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Gallo goes on the offensive after 'Bunny' flop

Vincent Gallo has put a curse on my colon and a hex on my prostate.

He called me a "fat pig" in the New York Post and told the New York Observer I have "the physique of a slave-trader." He is angry at me because I said his "The Brown Bunny" was the worst movie in the history of the Cannes Film Festival. I was not alone in my judgment. Screen International, the British trade paper, convenes a panel of critics to score the official entries. "The Brown Bunny" scored 0.6 out of a possible five--the lowest score in its history, the paper said. This came as a blow to the French. Their national pride could not abide the notion that an American film was worse than any of their own, and so a few days later they countered with Bertrand Blier's "Les Cotelettes.""It actually scored even worse with our forlorn international critics," Colin Brown, editor of Screen International, told me.

"Seven zeroes, vs. Gallo's five zeroes." The "Bunny" press screening "was remarkable for the unrestrained hostility of the audience," wrote A. O. Scott in the New York Times. At the end, the audience "gave voice to that French form of abuse that sounds like a cross between the lowing of a cow and the hooting of an owl." During a scene where Gallo shares a bicycle with a young woman, I became so nostalgic for "Butch Cassidy" that I softly sang "Raindrops Keep Fallin' on My Head." I stopped after six words when my wife jabbed me in the ribs.

I was overheard by a writer for Hollywood Reporter, who included it in his coverage about how badly the film was received, and that is another reason Gallo has put the heebie-jeebie on my colon and prostate. I am not too worried. I had a colonoscopy once, and they let me watch it on TV. It was more entertaining than "The Brown Bunny."

"A day after the fiasco of the movie's premiere, Screen International ran a remarkable interview in which Gallo apologized for his film, calling it "a disaster and a waste of time," and adding, "I apologize to the financiers of the film, but I must assure you it was never my intention to make a pretentious film, a self-indulgent film, a useless film, an unengaging film." He added that the official screening "was the worst feeling I ever had in my life," and said he would never watch the film again.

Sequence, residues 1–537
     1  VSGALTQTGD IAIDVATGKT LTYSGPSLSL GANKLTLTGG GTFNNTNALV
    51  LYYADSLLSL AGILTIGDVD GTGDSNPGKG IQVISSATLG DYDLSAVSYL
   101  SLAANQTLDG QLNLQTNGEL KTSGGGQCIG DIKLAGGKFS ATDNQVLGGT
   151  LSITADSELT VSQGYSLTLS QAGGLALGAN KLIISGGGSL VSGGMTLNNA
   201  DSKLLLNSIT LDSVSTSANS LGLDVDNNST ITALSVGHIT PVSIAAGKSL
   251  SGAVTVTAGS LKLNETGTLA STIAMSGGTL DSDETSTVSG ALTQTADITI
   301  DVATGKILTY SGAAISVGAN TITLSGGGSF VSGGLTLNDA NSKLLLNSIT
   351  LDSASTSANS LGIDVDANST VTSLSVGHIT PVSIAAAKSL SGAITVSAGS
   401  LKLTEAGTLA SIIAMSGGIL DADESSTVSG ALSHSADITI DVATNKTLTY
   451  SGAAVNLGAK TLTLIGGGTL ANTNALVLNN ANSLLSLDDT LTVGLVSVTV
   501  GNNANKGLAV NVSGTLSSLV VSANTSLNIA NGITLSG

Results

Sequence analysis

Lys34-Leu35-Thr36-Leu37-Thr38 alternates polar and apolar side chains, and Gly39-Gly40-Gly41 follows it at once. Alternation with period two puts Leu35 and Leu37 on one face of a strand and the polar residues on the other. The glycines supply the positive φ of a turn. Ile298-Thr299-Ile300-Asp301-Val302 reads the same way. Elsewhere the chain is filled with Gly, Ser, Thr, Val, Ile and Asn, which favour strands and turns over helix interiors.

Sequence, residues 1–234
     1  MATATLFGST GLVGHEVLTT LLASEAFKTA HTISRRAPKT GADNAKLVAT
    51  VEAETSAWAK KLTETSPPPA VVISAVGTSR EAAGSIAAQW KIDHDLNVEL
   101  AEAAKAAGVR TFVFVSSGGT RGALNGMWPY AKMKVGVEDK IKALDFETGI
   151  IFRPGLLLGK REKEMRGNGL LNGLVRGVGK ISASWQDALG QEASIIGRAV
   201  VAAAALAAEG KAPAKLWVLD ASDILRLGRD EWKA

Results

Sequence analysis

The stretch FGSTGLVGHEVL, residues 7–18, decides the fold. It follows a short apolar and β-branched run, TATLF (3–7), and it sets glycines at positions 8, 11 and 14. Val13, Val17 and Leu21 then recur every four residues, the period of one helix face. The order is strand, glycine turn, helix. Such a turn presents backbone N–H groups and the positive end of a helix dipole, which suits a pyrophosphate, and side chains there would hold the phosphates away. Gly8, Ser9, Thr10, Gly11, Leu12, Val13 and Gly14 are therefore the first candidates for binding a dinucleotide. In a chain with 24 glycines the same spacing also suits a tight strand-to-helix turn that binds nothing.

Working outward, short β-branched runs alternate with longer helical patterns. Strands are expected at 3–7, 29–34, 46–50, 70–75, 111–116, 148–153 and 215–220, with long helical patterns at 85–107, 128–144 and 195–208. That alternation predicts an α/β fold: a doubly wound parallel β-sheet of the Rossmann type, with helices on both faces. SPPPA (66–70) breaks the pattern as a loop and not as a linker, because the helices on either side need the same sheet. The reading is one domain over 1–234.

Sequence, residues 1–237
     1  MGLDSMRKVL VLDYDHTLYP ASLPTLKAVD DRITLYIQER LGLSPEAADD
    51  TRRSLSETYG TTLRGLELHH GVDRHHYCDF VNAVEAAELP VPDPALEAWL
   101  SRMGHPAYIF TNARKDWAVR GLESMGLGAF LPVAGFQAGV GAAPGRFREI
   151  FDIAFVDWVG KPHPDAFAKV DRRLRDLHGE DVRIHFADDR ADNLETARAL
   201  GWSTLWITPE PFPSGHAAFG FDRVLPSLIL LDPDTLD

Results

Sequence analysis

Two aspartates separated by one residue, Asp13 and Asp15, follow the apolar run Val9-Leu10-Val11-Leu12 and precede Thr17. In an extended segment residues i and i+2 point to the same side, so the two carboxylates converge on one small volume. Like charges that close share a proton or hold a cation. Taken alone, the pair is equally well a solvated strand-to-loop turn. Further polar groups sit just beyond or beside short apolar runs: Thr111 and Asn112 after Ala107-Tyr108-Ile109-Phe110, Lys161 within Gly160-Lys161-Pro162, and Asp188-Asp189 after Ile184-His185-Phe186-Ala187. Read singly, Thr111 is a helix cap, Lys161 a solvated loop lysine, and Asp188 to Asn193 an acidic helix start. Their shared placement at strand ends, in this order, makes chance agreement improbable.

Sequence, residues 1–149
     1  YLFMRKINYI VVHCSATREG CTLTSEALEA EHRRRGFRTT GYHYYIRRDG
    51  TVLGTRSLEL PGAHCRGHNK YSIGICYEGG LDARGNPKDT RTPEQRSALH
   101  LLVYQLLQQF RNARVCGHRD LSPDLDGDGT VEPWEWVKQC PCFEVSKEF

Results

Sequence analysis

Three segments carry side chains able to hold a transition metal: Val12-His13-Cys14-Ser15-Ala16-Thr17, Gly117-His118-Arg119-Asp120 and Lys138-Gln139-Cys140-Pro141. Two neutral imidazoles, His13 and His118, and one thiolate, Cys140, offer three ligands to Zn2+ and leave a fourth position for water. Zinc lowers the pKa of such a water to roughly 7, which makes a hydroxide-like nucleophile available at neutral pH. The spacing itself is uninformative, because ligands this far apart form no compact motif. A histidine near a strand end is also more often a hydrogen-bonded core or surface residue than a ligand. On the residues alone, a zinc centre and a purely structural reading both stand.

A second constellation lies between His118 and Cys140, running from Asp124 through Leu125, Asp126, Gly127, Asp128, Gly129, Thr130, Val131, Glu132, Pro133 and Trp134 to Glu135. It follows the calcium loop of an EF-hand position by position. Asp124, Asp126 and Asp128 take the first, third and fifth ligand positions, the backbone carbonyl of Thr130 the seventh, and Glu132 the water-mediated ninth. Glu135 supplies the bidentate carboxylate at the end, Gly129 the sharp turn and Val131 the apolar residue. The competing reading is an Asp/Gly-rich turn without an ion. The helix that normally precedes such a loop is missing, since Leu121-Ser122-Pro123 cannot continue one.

On Monday Gallo told the New York Post's Page Six that Screen International "made up" his quotes. He added, "I'm sorry I'm not gay or Jewish, so I don't have a special interest group of journalists who support me." Such comments might seem politically incorrect, but not to Gallo, who says he is a conservative Republican, although since his film ends with a hard-core oral sex scene, he is not likely to be fielding many group bookings from the Moral Majority.

But was Gallo actually misquoted?

"Absolutely insane stuff from Gallo," editor Colin Brown assured me. "Not only is everything we wrote in Cannes exactly as he spewed out, word for word, it was all recorded on audio tape." He added, "It makes me wonder whether this is not all some great marketing ploy on his part. I have actually come across people who say 'Brown Bunny' is top of their list of films they most want to see out of Cannes this year."

Fionnuala Halligan, who wrote the Screen International piece, says she quoted Gallo accurately and sent me a copy of his transcript.

"By the end he is shouting and spitting, and his invective is so unpleasant, I feel quite shaken listening to it again," she told me. "I don't think it was a good day for him to meet the press, as he was obviously extremely upset. He was very late, and all the interviews that had previously been arranged got lumped into one group, which is fortunate for me, as he probably would have thumped me otherwise."

Gallo all but wept in a Cannes interview as he described the pain of "growing up ugly," but empathy has its limits, and he had no tears for a fat pig and slave-trader such as myself. It is true that I am fat, but one day I will be thin, and he will still be the director of "The Brown Bunny."

Roger Ebert

Roger Ebert was the film critic of the Chicago Sun-Times from 1967 until his death in 2013. In 1975, he won the Pulitzer Prize for distinguished criticism.

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